Looking back at 2016 – part one

Well, that was all a bit rubbish, wasn’t it?

In this year’s photos, as with everything else, there were some very heavy themes. Some loveliness too, for sure, but looking back at my favourites for the year I think there’s more darkness than light.

Off to a moody start in January with calm paddling on troubled seas in the Solent. A Lowry figure alone and adrift on dark waters.


The first of a fair few “good cause” jobs this year was in aid of ComedySex, and featured some lovely backstage moments with the talent. (You can see a bigger selection from the show here.)


One of the joys of having a friend like Oli, who among many things is a superb compère, is that we frequently end up working together on opposite ends of the lens. I had this idea that I could grab an unusual shot of the Café de Paris by poking the camera through the curtains behind him, and shooting quickly and blind before anyone noticed. So I did.


A regular client in recent years, the Heatherley School of Fine Art puts on beautiful shows with beautiful creations. But it was the hands of a creator that caught my eye in late January, and she was kind enough to let me take the picture.


Away in February with a well-known burger company and their management off-site meeting. They sure know how to enjoy themselves – showtime was preceded by the best dressing-up session EVER.


To a Leicester Square casino in March: the subject – the Euro 2016 cup. A cup’s a cup, really – it came with security guards and this huge manual about what you couldn’t do with it. But this was ok, apparently.


Up on Box Hill in Surrey, I was struck not by the colours, but by the contrast of the trees on the far side of the valley. Something about very pale branches, still waiting for spring leaves, against a darker background. Back home, I flipped it to negative, and it sang out at me like a Japanese woodblock print.


Took some time away in April to cover two of the four ‘corners’ of Great Britain with my dad. The top right one yielded many beautiful views over the Skerries and the stacks at Duncansby Head. Of course, having wondered what the sun might look like rising behind one of them, I was up at 5am for a mile of scrambling across the cliff-tops to find out.


One of the things about this job that makes it so special is the privileged access to some really, really unusual places. Places you don’t get to see inside, and in this particular case, where you run a real risk of going to prison if you’re caught with a camera. The Old Bailey – bomb curtains making for a nice soft backlight for a portrait – also has the most amazing ceiling.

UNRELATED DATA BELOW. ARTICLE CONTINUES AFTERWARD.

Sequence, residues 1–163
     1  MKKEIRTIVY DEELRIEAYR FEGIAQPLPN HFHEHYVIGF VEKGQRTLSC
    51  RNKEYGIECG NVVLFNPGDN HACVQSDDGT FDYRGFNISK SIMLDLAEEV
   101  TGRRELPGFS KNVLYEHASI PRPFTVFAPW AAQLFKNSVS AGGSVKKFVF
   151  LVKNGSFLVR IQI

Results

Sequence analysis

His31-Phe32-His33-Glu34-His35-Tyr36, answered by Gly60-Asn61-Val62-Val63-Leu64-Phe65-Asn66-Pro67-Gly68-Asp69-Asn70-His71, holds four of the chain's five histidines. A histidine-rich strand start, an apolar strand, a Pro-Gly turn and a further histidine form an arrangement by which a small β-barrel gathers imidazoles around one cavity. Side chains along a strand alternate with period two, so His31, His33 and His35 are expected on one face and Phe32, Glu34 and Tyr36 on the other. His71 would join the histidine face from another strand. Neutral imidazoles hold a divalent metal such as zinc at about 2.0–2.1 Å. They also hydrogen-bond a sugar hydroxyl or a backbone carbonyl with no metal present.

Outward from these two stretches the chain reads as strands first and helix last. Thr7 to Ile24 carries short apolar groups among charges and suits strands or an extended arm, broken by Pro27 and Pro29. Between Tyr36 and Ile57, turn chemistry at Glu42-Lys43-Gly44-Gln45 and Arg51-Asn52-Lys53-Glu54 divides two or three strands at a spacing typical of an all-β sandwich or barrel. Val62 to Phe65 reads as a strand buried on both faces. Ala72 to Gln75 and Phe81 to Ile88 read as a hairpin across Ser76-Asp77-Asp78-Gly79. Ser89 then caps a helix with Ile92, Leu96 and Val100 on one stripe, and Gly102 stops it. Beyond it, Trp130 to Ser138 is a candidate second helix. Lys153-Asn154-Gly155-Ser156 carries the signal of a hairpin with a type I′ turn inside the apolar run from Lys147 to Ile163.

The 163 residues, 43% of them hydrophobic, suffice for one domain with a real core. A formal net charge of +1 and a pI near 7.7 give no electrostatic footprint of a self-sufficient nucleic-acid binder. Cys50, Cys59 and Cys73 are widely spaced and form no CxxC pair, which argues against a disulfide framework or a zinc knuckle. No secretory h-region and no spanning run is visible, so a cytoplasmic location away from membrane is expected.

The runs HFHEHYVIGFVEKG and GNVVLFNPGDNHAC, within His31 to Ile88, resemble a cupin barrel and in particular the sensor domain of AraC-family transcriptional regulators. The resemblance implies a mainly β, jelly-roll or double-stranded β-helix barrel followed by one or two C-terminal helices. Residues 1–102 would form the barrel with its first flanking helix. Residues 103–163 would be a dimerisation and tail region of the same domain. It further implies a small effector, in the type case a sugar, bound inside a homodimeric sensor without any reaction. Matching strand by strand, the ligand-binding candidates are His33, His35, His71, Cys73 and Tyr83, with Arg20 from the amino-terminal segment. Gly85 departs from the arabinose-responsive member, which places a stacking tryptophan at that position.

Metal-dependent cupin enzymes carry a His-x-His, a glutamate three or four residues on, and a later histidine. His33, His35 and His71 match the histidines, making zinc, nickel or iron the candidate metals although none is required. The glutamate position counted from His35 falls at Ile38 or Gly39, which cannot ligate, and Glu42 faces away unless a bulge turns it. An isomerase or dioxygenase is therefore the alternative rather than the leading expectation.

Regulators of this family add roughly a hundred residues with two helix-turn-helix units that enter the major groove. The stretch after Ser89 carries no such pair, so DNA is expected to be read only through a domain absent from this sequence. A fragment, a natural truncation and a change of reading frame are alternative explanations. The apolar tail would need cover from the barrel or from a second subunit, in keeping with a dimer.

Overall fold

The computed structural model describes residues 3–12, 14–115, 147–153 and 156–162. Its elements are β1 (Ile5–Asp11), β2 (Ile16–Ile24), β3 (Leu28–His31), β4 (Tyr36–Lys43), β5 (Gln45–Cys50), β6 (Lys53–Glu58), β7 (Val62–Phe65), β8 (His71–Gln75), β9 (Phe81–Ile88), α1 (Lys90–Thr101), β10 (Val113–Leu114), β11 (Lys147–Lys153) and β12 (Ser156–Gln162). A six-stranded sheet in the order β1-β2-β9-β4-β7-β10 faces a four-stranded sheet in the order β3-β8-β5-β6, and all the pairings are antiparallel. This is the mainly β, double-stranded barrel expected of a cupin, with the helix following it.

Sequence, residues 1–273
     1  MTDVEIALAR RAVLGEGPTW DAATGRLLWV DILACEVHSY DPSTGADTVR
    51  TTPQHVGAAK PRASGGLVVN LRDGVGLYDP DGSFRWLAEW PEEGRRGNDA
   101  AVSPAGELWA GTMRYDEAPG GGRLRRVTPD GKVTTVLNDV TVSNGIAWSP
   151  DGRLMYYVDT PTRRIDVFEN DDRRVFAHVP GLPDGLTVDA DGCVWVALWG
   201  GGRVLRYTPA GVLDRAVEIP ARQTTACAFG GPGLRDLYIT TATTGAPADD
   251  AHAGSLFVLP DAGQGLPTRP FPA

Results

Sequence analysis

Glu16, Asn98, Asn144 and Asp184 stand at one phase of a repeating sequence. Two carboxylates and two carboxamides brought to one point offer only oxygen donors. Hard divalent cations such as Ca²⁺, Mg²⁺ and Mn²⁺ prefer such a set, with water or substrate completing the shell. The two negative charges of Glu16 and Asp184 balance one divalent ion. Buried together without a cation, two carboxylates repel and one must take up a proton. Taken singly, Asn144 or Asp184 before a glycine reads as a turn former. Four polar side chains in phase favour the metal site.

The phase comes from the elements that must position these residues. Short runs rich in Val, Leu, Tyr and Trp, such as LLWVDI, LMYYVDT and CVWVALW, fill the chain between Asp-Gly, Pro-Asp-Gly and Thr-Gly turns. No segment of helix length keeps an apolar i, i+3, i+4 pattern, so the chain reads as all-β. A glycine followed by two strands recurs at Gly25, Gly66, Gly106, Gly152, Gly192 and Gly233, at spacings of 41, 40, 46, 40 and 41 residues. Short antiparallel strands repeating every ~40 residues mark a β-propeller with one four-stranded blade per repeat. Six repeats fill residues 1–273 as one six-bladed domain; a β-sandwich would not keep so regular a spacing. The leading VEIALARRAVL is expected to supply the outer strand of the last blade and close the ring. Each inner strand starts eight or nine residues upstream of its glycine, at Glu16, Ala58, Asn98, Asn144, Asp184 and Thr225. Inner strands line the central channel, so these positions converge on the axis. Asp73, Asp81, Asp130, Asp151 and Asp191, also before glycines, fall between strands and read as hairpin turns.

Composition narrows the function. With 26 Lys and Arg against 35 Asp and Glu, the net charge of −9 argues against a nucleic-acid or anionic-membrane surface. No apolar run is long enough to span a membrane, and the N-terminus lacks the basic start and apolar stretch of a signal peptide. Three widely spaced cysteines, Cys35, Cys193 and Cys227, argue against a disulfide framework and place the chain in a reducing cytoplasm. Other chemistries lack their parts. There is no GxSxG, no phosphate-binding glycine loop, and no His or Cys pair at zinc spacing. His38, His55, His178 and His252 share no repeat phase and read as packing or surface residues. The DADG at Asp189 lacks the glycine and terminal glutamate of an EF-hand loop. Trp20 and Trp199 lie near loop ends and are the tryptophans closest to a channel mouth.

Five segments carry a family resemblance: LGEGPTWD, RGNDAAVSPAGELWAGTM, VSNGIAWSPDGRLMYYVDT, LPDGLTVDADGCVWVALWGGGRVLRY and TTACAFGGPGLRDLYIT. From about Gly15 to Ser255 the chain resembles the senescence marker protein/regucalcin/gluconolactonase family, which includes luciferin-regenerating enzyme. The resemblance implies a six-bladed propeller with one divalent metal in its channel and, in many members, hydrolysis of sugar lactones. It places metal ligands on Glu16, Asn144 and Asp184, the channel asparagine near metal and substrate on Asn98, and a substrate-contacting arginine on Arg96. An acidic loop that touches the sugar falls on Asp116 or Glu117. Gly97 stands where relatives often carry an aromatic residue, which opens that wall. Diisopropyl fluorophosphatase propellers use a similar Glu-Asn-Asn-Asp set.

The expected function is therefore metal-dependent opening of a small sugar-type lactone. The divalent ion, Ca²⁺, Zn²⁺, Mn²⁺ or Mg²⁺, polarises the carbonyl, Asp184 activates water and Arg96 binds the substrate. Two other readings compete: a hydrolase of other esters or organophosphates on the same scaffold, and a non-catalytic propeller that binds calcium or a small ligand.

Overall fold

I visited Brompton’s new factory in April to have a chat about shooting the Brompton World Championship race (more of that later). One day I’d love to shoot that place properly – mesmerising shapes and space.


Lots of familiar faces speaking at events this year. Jeremy Vine was excellent. Amusing footnote: his agency got in touch about using the pic (for free). My very modest proposal (for money) was met with a wall of silence. [Commercial break: just because a picture exists doesn’t mean it’s available for free for any other purpose you can think of.] Jeremy’s speaking services (£5-10k per gig) are currently promoted with this gem. Yeah. ¯\_(ツ)_/¯


More from these two, scampering over abandoned farm machinery in the bluebell woods of the north downs. Done loads of bluebell pics. But a rusty tractor…now that’s worth brawling over.


As ever, a few weddings dotted across the year. This one very special though – neighbours and friends getting hitched in a beautiful Sussex National Trust garden.


A few weeks before the referendum, and former No.10 guru-figure Steve Hilton hit the headlines with his Brexit reckons. He also gave a great talk – in between his media bookings that day – and sparkling with zeal, to the lovely advertising people at the Account Planning Group.


Yeah – the youngest again. This time, demonstrating what happens if he points a hose in his face and turns it on full power. Great to be 10, I think.


A woodland path in Kent, and talented actor/director/physical theatre genius Mark (old friend from drama school) and I were experimenting with movement and energy in search of a striking portrait or two. Could he really fly?


Living where I do, on the London to Brighton road, means that quite a few things pass by every year going, er, from London to Brighton. Minis, veteran cars (see later in the year) and in June, bicycles. I hope this guy got to change around halfway. Cycling backwards all the way to Brighton has to be slightly uncomfortable, surely?


And to close this first half of the year, a very British (and very 2016-dark) pic from the Oval. Rain stopped play.


Play resumes in part two, where everything gets darker.

(Clicking on these pictures should open them up in a lightbox–you can then use arrow keys to jump between them.)